6. Compare the structure of the sperm cell with that of the egg cell.
  7. Describe the events that occur during fertilization.
  8. Describe the events that occur during development.

Mitosis and the Cell Cycle

  1. Enumerate the roles of cell division.
  2. Describe the events in the G1, S, G2, and M phases of cell cycle.
  3. Differentiate between the following: centromere, centrioles, centrosomes; chromatin and chromosomes; sister chromatids and daughter chromosomes; interphase, mitosis, cytokinesis.
  4. Differentiate mitosis in a plant cell from mitosis in an animal cell.
  5. Describe the G1, G2, and Spindle assembly checkpoints.
  6. Describe five factors that control the cell cycle.
  7. Describe the behavior of cancer cells.
  8. Enumerate the causes of and therapies for cancer.
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[Bio2] Computer-aided activity for GravPhoTruth

  1. Answer page 1 of the handout.
  2. For pages 2 and 3, please use the following links to fill in the handouts. You may also use other reputable internet sources if you need them.
    1. Link1 (complete the quiz at the end and raise your hand to show me your perfect score!)
    2. Link2 (complete the quiz at the end and raise your hand to show me your perfect score!)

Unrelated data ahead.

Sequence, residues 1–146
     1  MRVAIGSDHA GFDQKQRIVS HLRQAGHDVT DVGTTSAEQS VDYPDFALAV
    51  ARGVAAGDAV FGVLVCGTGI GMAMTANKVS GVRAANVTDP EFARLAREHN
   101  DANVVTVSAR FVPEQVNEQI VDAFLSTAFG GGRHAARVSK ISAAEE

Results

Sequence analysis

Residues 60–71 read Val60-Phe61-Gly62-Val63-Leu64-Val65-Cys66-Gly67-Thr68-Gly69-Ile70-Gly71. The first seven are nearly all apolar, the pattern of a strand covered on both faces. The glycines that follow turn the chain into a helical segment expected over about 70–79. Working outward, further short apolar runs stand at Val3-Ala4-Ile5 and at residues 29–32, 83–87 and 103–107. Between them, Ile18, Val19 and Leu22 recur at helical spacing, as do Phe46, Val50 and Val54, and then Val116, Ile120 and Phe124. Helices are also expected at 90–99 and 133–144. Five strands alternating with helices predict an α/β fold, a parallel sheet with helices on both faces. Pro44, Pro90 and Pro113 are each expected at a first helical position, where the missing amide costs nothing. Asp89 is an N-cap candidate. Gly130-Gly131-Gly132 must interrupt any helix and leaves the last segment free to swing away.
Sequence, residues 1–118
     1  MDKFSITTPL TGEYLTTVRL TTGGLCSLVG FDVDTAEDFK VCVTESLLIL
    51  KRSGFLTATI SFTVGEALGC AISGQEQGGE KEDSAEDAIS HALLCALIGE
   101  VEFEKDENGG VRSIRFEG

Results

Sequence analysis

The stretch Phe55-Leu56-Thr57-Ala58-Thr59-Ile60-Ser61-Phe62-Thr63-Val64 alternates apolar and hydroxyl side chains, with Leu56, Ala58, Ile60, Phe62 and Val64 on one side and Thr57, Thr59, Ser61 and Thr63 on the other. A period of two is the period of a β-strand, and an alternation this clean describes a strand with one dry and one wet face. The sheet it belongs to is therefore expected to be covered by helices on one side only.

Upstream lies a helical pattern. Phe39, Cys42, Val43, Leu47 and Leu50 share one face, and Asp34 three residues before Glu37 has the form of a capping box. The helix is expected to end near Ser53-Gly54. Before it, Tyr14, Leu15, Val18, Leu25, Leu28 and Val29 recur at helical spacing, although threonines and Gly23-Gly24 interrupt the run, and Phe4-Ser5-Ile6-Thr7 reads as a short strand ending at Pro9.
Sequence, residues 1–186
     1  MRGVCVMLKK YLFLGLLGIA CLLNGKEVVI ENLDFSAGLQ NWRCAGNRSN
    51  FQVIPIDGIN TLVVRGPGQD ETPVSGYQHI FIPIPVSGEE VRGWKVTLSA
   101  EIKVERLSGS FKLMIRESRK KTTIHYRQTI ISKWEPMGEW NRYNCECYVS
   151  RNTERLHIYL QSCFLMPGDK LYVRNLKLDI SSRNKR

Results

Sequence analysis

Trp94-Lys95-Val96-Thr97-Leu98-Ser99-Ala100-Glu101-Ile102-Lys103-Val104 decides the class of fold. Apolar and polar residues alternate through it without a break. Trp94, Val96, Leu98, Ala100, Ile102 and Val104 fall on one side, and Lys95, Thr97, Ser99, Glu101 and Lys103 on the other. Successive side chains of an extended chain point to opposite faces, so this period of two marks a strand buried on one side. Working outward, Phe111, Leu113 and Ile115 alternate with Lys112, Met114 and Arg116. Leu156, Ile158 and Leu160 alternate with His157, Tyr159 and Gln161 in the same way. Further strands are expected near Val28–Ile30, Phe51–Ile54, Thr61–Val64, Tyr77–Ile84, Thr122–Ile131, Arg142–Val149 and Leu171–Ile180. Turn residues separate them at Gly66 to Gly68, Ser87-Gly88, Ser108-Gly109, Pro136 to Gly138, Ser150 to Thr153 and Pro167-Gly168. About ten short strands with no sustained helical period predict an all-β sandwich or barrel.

3. [Bonus link–only if you have the time] Go through the game and show me the success! screen.

BIOTA50

URLs organized per topic

Red Team – Cell structure and function, the cell cycle, cellular transport mechanisms

  1. Cell cycle activity – page links to post showing how I implemented this activity in class.
  2. Animal cell explorer – a simple game to introduce some cellular process as well as cell parts and functions (sample low-level tasks would include asking students to list the processes and structures as they explore the game and provide a brief description of these, higher-order tasks might involve creating a short roleplaying activity or other analogies to introduce the concepts mentioned to other students).
  3. Cellcraft – a simple game to introduce some eukaryotic cell parts and functions  (sample low-level tasks would include asking students to list the processes and structures as they explore the game and provide a brief description of these, higher-order tasks might involve creating a short roleplaying activity or other analogies to introduce the concepts mentioned to other students)